European Data Format
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The European Data Format (EDF) is a simple and flexible format for exchange and storage of multichannel biological and physical signals.  It was developed by a few European 'medical' engineers who first met at the 1987 international Sleep Congress in Copenhagen. The EDF logo is derived from the congress logo which was the green pea from the fairy tale "The princess and the pea" by the Danish writer Hans Christian Andersen. With the support of the late professor Annelise Rosenfalck from Aalborg university, the engineers initiated the project "Methodology for the Analysis of the Sleep-Wakefulness Continuum" (1989-1992) that was funded by the European Community  through its "Comité d'Action Concertée" (COMAC committee) on Biomedical EngineeringThey wanted to apply their sleep analysis algorithms to each others data and compare the analysis results. So, on a morning in Leiden in March 1990, they agreed upon a very simple file format to exchange their sleep recordings. This format became known as the European Data Format. In August 1990, all participating labs had contributed an EDF sleep recording to the project.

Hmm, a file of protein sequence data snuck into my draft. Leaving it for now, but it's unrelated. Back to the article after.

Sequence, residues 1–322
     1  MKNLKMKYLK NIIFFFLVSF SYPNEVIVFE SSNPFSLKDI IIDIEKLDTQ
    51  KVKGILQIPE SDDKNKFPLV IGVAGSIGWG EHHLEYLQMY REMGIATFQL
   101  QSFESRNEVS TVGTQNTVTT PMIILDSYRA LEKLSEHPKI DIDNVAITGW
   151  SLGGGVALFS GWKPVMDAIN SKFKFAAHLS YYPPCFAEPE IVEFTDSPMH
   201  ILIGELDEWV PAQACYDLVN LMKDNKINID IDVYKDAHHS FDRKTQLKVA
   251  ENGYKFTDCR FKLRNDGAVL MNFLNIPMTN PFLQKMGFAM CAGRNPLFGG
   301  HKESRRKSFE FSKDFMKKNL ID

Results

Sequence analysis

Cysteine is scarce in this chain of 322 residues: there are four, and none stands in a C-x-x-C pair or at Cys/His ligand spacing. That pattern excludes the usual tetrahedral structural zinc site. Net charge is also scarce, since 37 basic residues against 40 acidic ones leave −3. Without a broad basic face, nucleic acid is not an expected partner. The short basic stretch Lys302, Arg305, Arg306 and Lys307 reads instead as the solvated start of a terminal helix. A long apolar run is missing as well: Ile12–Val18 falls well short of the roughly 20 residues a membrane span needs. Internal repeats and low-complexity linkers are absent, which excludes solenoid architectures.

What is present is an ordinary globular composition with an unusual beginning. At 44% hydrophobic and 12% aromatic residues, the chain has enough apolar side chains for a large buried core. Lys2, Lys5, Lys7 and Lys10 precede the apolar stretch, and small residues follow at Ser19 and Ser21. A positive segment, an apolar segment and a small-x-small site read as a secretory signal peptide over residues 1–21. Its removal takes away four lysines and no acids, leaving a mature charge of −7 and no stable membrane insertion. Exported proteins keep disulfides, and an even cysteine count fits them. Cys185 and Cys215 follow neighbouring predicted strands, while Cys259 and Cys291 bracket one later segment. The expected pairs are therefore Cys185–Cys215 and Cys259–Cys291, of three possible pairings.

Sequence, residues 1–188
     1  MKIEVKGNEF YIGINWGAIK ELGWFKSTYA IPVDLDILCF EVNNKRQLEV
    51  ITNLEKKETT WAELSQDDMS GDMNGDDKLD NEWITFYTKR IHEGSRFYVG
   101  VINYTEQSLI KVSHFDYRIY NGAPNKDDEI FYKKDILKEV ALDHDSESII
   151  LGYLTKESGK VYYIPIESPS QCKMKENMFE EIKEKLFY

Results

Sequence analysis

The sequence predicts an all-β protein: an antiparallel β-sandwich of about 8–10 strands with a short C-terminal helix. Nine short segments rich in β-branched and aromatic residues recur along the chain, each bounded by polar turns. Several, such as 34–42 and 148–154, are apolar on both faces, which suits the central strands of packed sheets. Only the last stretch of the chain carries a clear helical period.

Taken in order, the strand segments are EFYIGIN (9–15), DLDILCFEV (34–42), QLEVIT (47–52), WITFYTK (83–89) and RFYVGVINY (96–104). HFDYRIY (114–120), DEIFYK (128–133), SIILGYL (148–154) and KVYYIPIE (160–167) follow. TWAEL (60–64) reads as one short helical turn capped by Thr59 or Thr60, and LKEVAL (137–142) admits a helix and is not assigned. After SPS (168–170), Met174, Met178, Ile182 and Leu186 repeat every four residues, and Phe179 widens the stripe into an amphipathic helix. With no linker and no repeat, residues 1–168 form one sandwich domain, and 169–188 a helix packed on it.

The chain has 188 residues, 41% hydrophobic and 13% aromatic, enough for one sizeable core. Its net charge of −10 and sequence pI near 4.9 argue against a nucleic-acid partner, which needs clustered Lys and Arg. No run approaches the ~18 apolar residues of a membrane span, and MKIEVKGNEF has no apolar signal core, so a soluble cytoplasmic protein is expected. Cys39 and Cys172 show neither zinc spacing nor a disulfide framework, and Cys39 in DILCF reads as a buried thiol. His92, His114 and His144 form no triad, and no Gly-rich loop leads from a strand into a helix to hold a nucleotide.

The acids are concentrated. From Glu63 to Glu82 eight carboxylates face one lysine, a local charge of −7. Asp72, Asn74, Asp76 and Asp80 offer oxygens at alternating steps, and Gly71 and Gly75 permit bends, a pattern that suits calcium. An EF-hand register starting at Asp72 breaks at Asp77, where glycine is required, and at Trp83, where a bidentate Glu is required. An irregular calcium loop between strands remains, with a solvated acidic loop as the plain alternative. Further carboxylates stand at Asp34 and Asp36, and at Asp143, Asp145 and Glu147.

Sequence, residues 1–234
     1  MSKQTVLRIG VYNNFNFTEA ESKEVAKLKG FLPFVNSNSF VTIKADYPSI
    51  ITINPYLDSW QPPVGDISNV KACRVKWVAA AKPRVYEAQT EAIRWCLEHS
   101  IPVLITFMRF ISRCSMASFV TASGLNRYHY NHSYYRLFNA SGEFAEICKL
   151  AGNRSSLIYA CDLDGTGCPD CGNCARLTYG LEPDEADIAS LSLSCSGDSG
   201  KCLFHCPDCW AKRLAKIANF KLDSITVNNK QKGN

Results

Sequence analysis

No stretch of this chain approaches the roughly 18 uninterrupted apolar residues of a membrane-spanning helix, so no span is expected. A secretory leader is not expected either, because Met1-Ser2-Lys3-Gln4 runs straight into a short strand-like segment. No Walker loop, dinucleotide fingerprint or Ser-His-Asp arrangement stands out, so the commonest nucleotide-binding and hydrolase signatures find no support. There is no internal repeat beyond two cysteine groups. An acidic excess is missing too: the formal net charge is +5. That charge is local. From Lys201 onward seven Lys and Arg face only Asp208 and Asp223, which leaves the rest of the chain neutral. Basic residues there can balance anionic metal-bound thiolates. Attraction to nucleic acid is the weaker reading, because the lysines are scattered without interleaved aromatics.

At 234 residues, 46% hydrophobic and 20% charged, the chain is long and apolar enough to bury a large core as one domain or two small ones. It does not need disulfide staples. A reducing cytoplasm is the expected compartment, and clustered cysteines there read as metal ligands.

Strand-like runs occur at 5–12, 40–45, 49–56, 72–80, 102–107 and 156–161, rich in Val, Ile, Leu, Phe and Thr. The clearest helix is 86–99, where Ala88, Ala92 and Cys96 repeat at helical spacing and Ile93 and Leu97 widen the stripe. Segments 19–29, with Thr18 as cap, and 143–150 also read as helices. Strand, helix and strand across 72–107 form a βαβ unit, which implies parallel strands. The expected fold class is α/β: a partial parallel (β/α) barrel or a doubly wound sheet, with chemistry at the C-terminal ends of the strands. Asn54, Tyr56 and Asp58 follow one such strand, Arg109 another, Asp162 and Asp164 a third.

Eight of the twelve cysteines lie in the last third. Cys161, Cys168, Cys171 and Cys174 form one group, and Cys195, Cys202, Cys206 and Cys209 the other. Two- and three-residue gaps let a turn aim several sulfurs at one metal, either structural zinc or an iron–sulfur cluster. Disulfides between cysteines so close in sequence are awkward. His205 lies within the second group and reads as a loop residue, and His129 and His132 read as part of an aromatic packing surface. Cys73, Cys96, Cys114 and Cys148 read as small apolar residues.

EDF
was published in 1992 in Electroencephalography and Clinical Neurophysiology 82, pages 391-393. Since then, EDF became the de-facto standard for EEG and PSG recordings in commercial equipment and multicenter research projects.
 
An extension of EDF, named EDF+, was developed in 2002 and
is largely compatible to EDF: all existing EDF viewers also show EDF+ signals. But EDF+ files can also contain interrupted recordings, annotations, stimuli and events. Therefore, EDF+ can store any medical recording such as EMG, Evoked potentials, ECG, as well as automatic and manual analysis results such as deltaplots, QRS parameters and sleep stages. The specs are stricter than EDF which enables automatic localization and calibration of electrodes.  And EDF+ fixed a few omissions in EDF such as the Y2K problem, little-endian integers, and comma vs dot.

EDF+ was published in
2003 in Clinical Neurophysiology 114, pages 1755-1761. Since then, hundreds of EDF+ files and several EDF+ viewers became available on the internet. Applications are mainly in Clinical Neurophysiology, Sleep, and Cardiology. Formal standards from other specialisms can also be integrated into EDF+. Most EDF applications have migrated to EDF+.
 
EDF and EDF+ are freely available without charge. The full specifications are in the above-mentioned publications as well as on this EDF website. The site also supports users and developers by offering free downloads of files and software, a list of EDF(+) compatible companies and further contact possibilities such as Yahoo's EDF group.
 
EDF(+) recordings and software are most welcome, as are companies and developers that support EDF(+).

Bob Kemp